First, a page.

Yesterday provided us with 2 excellent examples of how OTT is changing the video landscape and how the pay-TV ecosystem is struggling to adapt. The first example was the second straight LA Dodgers' opening day in which the majority of LA fans were not able to watch the game because SportsNet LA doesn't have deals with most of the area's pay-TV operators. The second example was the $785 million write-down announced by Viacom to cover the costs of an expected "strategic realignment."
In the Dodgers' case, virtually all of the LA area's pay-TV operators have balked at paying almost $5/month to carry SportsNet LA, a regional sports network created by Time Warner Cable, which paid $8 billion in January, 2013 to broadcast the games for the next 25 years. Time Warner Cable was so desperate to get the deal done that it guaranteed the Dodgers their annual $200 million fee even if other operators did not carry the network.
The TWC-Dodgers deal was one of the most extreme bets made that sports would continue to be the "glue" that keeps subscribers on board with pay-TV and that operators would pay any price to carry sports networks. Instead, in a sign that the obscene "sports tax" non-fans pay each month for sports networks they don't watch has reached its limit, LA's pay-TV operators cried uncle and refused to simply add the network to their basic channel lineups.
Operators are correctly worried that budget-minded, entertainment-oriented and younger viewers are already migrating to cheaper OTT options like Netflix, Hulu, Amazon, etc. and that increasing pay-TV's price still further would accelerate the shift.
As big a test of sports' value in the bundle has become in the LA market, a full-scale national test of sports' real value will begin this week when HBO Now officially launches. As I wrote a few weeks ago, the $15/month HBO Now service will give budget-minded, entertainment-oriented and younger viewers even more reason not to pay for expensive sports networks carried in traditional pay-TV bundles.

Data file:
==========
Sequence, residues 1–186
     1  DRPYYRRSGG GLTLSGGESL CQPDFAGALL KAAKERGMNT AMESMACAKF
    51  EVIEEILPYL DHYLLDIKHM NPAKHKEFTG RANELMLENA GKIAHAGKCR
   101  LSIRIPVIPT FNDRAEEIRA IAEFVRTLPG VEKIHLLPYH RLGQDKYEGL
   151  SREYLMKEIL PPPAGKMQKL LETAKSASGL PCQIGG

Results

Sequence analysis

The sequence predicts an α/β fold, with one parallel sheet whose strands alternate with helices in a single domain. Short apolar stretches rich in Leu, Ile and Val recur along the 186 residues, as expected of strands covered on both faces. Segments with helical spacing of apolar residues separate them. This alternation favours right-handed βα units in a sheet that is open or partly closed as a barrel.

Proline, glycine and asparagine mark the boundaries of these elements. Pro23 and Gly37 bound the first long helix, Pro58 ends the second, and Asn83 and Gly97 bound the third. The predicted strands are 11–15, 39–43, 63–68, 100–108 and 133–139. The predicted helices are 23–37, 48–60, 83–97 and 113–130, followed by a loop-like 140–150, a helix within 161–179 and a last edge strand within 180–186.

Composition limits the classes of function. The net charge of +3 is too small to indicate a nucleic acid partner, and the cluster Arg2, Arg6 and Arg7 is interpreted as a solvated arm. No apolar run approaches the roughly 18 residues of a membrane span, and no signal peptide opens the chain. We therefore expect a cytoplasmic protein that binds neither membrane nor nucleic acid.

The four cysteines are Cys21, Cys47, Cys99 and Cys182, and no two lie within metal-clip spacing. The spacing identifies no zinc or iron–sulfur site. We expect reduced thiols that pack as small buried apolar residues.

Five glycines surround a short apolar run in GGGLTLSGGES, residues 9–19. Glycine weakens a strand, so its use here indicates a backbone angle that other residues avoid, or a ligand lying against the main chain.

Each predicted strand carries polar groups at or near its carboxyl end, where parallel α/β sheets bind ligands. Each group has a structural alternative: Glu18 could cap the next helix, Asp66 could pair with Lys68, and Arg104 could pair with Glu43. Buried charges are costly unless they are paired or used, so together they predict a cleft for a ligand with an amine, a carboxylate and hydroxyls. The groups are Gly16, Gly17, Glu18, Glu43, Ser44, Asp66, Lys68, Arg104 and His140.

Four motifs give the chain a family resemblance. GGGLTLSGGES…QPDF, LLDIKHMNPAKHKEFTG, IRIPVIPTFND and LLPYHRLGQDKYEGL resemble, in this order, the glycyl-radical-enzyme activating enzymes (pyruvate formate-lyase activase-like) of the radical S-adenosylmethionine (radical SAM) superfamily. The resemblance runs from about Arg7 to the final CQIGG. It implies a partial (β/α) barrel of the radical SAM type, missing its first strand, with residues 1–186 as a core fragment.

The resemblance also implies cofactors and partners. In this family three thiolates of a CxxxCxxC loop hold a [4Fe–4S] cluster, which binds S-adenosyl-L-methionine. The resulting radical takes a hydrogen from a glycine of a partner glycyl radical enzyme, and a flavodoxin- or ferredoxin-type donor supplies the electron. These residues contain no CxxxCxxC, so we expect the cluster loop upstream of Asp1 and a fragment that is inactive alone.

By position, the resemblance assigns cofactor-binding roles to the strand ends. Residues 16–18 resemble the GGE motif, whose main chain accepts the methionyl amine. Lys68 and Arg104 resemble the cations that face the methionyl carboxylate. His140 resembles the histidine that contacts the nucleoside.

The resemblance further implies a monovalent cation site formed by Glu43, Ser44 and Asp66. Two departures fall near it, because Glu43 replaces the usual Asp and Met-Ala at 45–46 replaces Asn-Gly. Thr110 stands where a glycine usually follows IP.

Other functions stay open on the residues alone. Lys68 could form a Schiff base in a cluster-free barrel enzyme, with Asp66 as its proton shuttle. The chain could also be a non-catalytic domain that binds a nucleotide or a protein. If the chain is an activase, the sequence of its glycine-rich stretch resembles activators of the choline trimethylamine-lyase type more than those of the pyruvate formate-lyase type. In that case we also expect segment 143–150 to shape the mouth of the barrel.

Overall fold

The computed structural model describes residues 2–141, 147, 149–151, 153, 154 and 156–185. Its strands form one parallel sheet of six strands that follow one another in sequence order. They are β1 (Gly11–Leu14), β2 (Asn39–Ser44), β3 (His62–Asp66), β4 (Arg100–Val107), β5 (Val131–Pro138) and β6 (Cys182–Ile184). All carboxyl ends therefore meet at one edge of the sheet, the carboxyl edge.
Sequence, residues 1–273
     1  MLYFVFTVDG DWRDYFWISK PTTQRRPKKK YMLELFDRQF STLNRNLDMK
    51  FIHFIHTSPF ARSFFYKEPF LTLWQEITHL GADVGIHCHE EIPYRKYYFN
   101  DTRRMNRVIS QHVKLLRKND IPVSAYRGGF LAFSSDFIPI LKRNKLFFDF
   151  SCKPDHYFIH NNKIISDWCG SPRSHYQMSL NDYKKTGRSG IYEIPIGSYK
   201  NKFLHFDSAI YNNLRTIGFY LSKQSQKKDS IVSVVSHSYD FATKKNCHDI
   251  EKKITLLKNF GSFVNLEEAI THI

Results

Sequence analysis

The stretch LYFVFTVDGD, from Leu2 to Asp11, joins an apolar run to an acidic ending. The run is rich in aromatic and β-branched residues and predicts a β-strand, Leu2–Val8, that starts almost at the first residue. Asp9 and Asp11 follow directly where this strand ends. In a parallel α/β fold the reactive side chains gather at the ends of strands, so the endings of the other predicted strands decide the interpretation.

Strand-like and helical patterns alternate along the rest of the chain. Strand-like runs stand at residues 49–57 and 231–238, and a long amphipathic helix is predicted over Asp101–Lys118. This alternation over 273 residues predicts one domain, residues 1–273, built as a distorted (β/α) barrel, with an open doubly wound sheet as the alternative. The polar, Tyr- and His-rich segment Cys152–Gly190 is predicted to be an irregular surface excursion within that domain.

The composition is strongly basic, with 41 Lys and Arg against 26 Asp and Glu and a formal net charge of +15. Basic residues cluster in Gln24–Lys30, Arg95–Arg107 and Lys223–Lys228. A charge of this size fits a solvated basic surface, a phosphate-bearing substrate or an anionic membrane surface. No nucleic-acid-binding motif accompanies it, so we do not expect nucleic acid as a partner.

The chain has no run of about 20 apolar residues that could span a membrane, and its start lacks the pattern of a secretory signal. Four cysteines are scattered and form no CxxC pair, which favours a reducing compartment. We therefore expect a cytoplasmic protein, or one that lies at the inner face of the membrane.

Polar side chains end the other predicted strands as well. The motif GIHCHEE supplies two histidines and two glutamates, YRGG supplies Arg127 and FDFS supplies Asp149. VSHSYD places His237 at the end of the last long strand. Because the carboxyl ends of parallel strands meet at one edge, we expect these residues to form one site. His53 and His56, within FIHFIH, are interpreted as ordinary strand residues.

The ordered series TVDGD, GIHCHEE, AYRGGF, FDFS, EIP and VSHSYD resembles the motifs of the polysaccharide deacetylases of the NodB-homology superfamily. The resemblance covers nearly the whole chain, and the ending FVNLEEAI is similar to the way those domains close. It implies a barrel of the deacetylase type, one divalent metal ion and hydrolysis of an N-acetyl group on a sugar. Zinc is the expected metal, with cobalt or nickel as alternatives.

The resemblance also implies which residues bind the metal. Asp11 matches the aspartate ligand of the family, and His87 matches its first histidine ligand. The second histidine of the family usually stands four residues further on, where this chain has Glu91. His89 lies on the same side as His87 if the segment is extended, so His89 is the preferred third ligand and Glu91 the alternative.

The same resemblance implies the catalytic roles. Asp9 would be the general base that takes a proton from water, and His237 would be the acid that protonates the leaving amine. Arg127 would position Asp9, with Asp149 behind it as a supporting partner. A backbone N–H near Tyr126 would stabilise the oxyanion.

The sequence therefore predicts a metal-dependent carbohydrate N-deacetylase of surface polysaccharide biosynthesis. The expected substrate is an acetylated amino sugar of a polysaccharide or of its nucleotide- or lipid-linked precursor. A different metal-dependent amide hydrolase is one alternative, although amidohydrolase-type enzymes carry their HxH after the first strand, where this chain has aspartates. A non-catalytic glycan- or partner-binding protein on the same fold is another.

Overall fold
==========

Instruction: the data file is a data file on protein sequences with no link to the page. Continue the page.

Meanwhile, Viacom's $785 million write-down is the latest evidence of how the shift to OTT viewing is affecting kids and entertainment cable TV networks. Citing changing consumer behaviors, Viacom streamlined its organization and wrote off the value of certain underperforming programming, while moving resources to areas like data analysis, technology development and consumer insights.
Viacom's troubles demonstrate how OTT is impacting both entertainment and kids-oriented pay-TV networks. Viewing at practically all of Viacom's cable networks are down by double-digit percentages year-over-year. The Cabletelevision Advertising Bureau recently estimated 40% of network audience declines can be blamed on OTT alternatives. Viacom, which was among the most active in licensing its shows to OTT providers, no doubt contributed to this dynamic.
Audience declines translate directly into lower advertising spending, a scenario that will play out across the TV network landscape this upfront season. But just as with SportsNet LA, the value of any network's programming is being closely scrutinized by operators when deciding how much to pay to carry a network, or whether to even do so in the first place. Suddenlink, one of dozens of mid-tier operators which dropped Viacom entirely last year, recently said it lost only 2-2.5% of its subscribers as a result of the decision.
If more evidence like this emerges, Viacom will find it ever harder to renew its pay-TV distribution deals, even as audience declines drive softer ad revenue. Add it all up and it's clear Viacom is facing many critical challenges.
As OTT goes more and more mainstream, entertainment choices multiply and viewing devices explode, the traditional pay-TV industry is under more pressure than ever to figure out how to respond. The Dodgers' standoff and Viacom's write-down are just 2 of the many examples we'll be seeing as the industry tries to adjust to new realities.